Although many of the issues posed to the panel deal with approaches to past MP misapplications, the panel strongly recommends that efforts directed toward primary prevention (i.e., preventing future misapplications) be continued. In addition to the voluntary actions taken by the manufacturer and enforcement actions taken by the appropriate agencies, we recommend continued emphasis on health education to alert the public to the hazards of pesticide misapplications.
Resources must be devoted to evaluating the effectiveness of alternative, cost-effective control strategies.
More coherent planning is needed to effectively respond to these environmental health emergencies. Moreover, the planning for health education needs to be integrated with risk management.
Members of affected households will be faced with difficult decisions regarding the risks of MP exposure and costs and benefits of alternative interventions. Risk communication and health education are critical to assist these people in making informed choices.
The panel suggests that the steering committee explore the feasibility of using sentinel animal populations (e.g., household pets) as biomonitors for residential MP contamination.
The panel has identified critical data gaps that must be urgently addressed so that scientifically based risk management decisions can be made. These gaps have been identified throughout this report but are again summarized here:
The EPA should design and implement an environmental sampling study to determine the environmental degradation products of MP in indoor settings, especially PNP. The study should include a sufficient sample of representative homes (by region, time of application, type of application, etc.) to allow inference to other homes in the region.
The agencies should conduct a minimum 7-day pilot study of minimum daily a.m. and p.m. urinary PNPs in households currently undergoing environmental sampling. Individual environmental exposure questionnaires such be administered before each sample collection. In addition to urinary PNP, urinary creatinine should be measured on all samples to allow for creatinine adjustment. The study should be performed in a sufficient number of residences to make these observations under varying exposure conditions. The results of this study will help to determine the variability of spot urine samples, the usefulness of individual exposure questionnaire data in selecting optimal sampling times, and the value of adjustment for urinary creatinine.
NB: The public health protection of households participating in this more intensive monitoring overrides research issues: if on-site inspections demonstrate an imminent hazard situation or if urinary PNP results indicate overexposure in the course of data collection, the usual relocation interventions must be put into effect, regardless of the impact on the study.
Humans: The work group feels that it is critical to conduct a dermal absorption mass balance study correlating MP dermal dose with urine PNP excretion pattern in human volunteers. Such a study should be contracted to recognized experts in human dermal exposure studies and must be approved by the institution's Institutional Review Board.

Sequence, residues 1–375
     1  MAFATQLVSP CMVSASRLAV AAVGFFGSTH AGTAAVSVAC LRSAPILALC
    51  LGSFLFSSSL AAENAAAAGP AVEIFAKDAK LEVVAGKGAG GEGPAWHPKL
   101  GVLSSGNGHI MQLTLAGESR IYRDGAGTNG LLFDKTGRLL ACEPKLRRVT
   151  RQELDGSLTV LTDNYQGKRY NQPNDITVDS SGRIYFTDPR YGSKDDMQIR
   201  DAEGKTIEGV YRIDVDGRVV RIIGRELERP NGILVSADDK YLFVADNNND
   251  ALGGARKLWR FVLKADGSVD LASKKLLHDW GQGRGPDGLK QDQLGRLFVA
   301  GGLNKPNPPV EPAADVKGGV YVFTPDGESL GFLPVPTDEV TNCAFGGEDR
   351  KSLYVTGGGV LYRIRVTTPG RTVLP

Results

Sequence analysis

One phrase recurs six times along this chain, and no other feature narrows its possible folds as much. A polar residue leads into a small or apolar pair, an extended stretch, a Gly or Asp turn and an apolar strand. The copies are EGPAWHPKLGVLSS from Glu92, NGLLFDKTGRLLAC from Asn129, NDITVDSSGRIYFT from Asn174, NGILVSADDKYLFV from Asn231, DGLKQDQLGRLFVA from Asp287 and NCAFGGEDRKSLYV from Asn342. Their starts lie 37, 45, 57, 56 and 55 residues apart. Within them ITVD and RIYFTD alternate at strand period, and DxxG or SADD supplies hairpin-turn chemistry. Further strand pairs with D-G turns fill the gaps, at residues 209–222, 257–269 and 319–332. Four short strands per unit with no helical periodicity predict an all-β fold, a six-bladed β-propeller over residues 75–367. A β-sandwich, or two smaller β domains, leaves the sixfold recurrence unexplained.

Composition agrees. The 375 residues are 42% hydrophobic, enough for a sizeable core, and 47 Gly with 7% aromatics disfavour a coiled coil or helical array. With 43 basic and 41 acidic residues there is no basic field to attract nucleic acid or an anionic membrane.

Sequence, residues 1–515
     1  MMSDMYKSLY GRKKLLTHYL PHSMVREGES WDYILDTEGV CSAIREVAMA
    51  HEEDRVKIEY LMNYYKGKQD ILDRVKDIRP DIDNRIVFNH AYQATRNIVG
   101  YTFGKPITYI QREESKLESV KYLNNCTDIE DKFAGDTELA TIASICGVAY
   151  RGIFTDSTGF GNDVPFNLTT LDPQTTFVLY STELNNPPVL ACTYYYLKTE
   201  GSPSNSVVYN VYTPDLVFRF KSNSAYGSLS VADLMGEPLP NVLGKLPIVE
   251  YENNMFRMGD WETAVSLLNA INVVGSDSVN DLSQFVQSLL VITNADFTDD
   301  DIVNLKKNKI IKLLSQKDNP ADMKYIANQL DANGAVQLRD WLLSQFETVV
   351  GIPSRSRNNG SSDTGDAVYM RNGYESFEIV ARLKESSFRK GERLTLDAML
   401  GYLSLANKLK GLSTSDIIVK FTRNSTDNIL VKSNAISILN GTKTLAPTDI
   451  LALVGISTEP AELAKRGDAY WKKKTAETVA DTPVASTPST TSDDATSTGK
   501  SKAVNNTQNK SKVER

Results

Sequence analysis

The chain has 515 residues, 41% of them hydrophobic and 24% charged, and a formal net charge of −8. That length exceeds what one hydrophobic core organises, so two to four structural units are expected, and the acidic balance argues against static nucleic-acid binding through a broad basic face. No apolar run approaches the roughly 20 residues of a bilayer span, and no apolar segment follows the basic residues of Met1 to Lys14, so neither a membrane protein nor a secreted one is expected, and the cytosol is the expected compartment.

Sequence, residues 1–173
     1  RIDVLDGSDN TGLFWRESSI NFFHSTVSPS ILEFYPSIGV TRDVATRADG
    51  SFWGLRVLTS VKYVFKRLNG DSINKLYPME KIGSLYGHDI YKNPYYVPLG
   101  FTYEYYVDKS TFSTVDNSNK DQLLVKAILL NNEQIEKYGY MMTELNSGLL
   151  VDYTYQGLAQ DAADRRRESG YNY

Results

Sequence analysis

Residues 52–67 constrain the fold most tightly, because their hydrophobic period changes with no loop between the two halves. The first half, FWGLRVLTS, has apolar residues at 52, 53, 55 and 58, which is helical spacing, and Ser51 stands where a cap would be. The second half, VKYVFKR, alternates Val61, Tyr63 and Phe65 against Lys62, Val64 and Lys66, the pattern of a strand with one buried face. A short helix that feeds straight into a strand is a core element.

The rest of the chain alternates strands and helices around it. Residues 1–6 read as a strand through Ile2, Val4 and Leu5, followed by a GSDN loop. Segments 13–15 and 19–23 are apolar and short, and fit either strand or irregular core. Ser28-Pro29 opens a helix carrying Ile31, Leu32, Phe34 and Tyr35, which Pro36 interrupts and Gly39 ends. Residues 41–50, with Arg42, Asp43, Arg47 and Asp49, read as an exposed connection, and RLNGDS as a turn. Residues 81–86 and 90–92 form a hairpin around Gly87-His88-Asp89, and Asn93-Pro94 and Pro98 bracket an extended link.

Animals: The effects of combined dermal exposures to MP and PNP, as well as combined exposure to MP and other pesticides identified in the field, should be investigated in a relevant animal model (pig, monkey, hairless guinea pig).
A subchronic toxicity study in rats to determine a dermal RfD for MP would be very useful for risk assessment in this situation. EPA and ATSDR should review available databases to determine if such data are currently available. If not, agencies should consider initiating such a study.
Data from occupationally exposed agricultural workers indicates that depression of RBC cholinesterase is unlikely at urinary PNP levels less than 1,000 g/L. The assumption that chronic low-level MP exposure will not depress RBC cholinesterase levels should be confirmed. A representative sample of people should be offered both urinary PNP and blood RBC cholinesterase monitoring. These may be individuals who are referred or self-referred to AOEC clinics for evaluation. If the sample is not random, sample should be compared with the target population in terms of levels of environmental exposure, urinary PNP, demographics, etc., to assess the possibility of selection bias. The RBC cholinesterase assays should ideally be performed by a single reference laboratory with demonstrated quality assurance for this assay. Before a single laboratory is identified, however, the issue of sample preservation needs to be addressed to determine if shipping samples to a central location is technically and logistically feasible.
The panel recognizes the need for and importance of a cohort study to assess the relationship between in utero and postnatal exposure to MP and neurobehavioral effects in these populations. This epidemiologic study should be designed to address a key risk management question:
- What is the dose-response relationship between indoor exposure to MP and neurobehavioral effects in the highest risk groups?
The study should be able to determine the exposure levels that produce no observable adverse effects on central nervous system function in these populations and would be very useful in setting future relocation criteria. This study is likely to be complex and expensive; nevertheless, it is a reasonable expenditure given the huge amount of resources devoted to current interventions. ATSDR should enlist the assistance of an expert peer review committee to assist in reviewing and providing guidance in the design of this study. There is a small window of opportunity to implement this study, especially if reversible effects are considered an important outcome.Top of Page
- Page last reviewed: June 20, 2014
- Page last updated: April 24, 1997
- Content source: